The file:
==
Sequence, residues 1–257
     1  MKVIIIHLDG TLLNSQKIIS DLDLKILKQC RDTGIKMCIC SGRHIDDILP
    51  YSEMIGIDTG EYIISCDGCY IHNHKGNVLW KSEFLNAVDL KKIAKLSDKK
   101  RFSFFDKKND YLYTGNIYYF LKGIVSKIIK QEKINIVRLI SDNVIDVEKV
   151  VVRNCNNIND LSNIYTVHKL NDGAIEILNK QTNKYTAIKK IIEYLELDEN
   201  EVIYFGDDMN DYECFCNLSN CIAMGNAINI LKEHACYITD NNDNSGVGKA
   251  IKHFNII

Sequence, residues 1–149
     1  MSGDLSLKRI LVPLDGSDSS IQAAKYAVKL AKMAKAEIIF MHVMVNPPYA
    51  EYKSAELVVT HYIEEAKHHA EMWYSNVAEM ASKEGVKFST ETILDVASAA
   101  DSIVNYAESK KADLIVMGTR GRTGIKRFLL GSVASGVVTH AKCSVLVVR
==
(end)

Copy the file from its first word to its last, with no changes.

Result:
Sequence, residues 1–257
     1  MKVIIIHLDG TLLNSQKIIS DLDLKILKQC RDTGIKMCIC SGRHIDDILP
    51  YSEMIGIDTG EYIISCDGCY IHNHKGNVLW KSEFLNAVDL KKIAKLSDKK
   101  RFSFFDKKND YLYTGNIYYF LKGIVSKIIK QEKINIVRLI SDNVIDVEKV
   151  VVRNCNNIND LSNIYTVHKL NDGAIEILNK QTNKYTAIKK IIEYLELDEN
   201  EVIYFGDDMN DYECFCNLSN CIAMGNAINI LKEHACYITD NNDNSGVGKA
   251  IKHFNII

Sequence, residues 1–149
     1  MSGDLSLKRI LVPLDGSDSS IQAAKYAVKL AKMAKAEIIF MHVMVNPPYA
    51  EYKSAELVVT HYIEEAKHHA EMWYSNVAEM ASKEGVKFST ETILDVASAA
   101  DSIVNYAESK KADLIVMGTR GRTGIKRFLL GSVASGVVTH AKCSVLVVR